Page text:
The case of a CCD imager fabrication sequence is illustrated here , but it is clearly recognized that the present invention equally well applies to charge-injection device (CID) imagers and CMOS imagers. In FIG. 4, an “n” (negative) type semiconductor substrate 40, is photolithographically patterned by suitable photoresist coating, masking, exposing and developing, to open regions for ion-implant or diffusion doping by selected impurity atoms to form p-(weakly doped positive) type wells 41 and 42. With similar photolithography steps, ion-implants or diffisions, an n+ type region 43 is formed to create a pn-junction photodiode and a vertical charge coupled device 44. A highly doped positive impurity, p++, is introduced selectively to form a surface isolation layer 45, and, a p-type well 47 is formed to isolate the CCD device 44. To isolate pixels, a p+ channel stop 47 is formed. The gate insulator 48 is then applied over the surface of the substrate. The vertical profile is completed by processing successive additions of transmission gate 49, interlevel insulator 50, light-shielding layer 51, passivation layer 52, planarization layer 53, and in accord with the sequence of the present invention, first blue color filter layer 54, and transparent planarization, spacer, and encapsulant layer 55. Two further repetitions of this process are performed to cascade and overlay additional filter layers to provide green over blue and red over green filter combinations to create the final color pixel configuration.
When FIG. 4 is viewed perpendicular to the plane of the page, one observes a pair of blue and green contiguous filters. Rotating the view by 90 degrees, the next view is in the plane of the page, wherein the pair of contiguous filters are now green and red. The color pixel is then comprised of the two pairs of blue and green filters contiguous with the same green and the adjacent red filter, forming an inverted L with the green filter at the vertex of the L. FIG. 5 depicts the color pixel structure described.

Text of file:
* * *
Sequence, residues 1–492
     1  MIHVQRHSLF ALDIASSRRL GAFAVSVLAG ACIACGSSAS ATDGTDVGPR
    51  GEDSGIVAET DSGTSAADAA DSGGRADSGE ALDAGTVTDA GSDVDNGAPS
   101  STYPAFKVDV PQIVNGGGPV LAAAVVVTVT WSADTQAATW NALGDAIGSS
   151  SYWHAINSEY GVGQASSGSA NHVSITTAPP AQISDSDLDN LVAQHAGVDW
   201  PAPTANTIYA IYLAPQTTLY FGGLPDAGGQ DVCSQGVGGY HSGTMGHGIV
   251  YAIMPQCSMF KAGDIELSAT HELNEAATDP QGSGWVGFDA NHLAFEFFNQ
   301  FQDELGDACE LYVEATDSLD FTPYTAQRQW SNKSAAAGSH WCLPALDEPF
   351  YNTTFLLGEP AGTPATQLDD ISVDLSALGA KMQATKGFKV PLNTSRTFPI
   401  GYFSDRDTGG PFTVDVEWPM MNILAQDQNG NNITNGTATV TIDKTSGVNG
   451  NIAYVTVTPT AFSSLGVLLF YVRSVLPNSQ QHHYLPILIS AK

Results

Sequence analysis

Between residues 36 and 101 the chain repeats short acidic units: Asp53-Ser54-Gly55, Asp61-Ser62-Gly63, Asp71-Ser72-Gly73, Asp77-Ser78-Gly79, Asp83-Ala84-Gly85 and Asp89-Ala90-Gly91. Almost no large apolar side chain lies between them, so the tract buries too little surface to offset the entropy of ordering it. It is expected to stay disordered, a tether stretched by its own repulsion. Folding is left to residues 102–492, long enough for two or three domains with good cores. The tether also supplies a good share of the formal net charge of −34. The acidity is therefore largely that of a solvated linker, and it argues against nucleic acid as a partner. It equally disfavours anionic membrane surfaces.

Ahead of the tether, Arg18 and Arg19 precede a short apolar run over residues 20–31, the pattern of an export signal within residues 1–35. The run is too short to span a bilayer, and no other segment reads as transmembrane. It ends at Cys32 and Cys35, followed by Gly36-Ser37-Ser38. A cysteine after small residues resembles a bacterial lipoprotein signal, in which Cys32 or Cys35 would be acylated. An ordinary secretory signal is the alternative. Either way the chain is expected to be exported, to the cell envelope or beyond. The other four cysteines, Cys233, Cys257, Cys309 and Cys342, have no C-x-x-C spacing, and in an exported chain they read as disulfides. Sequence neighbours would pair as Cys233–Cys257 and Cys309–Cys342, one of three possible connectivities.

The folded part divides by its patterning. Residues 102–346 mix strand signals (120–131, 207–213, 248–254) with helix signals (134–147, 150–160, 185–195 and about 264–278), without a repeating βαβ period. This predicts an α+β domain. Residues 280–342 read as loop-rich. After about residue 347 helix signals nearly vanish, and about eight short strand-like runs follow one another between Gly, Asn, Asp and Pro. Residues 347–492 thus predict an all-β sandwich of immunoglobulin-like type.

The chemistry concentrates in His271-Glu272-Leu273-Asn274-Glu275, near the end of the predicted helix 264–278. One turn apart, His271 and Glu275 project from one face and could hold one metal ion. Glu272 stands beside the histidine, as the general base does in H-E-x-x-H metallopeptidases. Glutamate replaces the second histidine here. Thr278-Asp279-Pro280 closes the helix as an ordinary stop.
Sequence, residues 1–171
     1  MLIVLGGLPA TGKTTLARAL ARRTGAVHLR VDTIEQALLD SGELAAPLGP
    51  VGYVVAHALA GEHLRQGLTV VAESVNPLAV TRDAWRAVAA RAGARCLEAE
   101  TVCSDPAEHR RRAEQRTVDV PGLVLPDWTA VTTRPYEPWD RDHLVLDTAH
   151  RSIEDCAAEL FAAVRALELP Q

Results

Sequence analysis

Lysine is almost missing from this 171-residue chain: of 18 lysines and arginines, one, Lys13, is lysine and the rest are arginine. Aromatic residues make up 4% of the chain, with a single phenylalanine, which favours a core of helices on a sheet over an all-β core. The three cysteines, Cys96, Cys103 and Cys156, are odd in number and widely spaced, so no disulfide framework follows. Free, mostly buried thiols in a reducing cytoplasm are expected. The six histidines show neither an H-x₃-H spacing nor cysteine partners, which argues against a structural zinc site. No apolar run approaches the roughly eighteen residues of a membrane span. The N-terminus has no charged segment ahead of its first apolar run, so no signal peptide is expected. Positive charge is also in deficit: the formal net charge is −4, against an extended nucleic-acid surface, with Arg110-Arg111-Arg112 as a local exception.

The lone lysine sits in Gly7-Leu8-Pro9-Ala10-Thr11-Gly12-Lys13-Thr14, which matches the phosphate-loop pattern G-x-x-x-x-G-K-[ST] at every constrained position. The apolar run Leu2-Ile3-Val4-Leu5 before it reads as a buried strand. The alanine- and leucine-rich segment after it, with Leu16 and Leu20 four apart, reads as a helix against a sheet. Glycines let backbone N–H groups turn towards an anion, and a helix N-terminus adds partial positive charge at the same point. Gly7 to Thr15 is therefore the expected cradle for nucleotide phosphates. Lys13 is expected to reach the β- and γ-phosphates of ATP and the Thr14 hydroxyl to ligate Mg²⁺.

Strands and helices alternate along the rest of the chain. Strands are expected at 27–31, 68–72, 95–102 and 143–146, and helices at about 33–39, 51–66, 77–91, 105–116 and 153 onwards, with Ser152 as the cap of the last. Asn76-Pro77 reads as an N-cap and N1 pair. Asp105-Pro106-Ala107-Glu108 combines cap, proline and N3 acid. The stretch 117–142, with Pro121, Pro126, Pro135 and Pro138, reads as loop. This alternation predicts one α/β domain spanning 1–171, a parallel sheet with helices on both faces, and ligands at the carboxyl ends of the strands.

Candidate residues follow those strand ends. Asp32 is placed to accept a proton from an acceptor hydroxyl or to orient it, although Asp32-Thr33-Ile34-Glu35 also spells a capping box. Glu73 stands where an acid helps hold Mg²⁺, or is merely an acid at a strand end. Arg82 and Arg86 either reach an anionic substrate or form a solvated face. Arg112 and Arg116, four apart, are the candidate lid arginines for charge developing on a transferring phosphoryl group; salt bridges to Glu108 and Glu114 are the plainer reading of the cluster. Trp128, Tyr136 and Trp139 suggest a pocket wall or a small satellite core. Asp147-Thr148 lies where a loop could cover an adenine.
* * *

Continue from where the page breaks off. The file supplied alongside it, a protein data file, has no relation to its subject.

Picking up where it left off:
FIG. 6 compares the process flow-chart of the preferred order(s) for the fabrication sequence(s) for spectral (color) filter formation of the present invention with that of Prior Art. Intercomparison reveals that the present invention process-flow chart reduces the number of fabrication steps by about one-third of the Prior Art number of steps. Because of the closed feedback control-loop during the dyed or pigmented photoresist deposition process, layer thickness and surface flatness are guided to precise stops. More importantly, the spectral transmittance of each layer is determined to meet the color gain-ratio balance specification for the IC amplifiers, and, can be tailored to the IC amplifier process variance to maintain statistical process control for the entire color process. Yields are maximized, production costs minimized, and, superior video camera products are enabled by the control-loops of the fabrication process of the present invention. FIG. 6 illustrates the Prior Art process in the nine steps 101 through 109 in contrast to the six steps 110 through 116 of the present invention.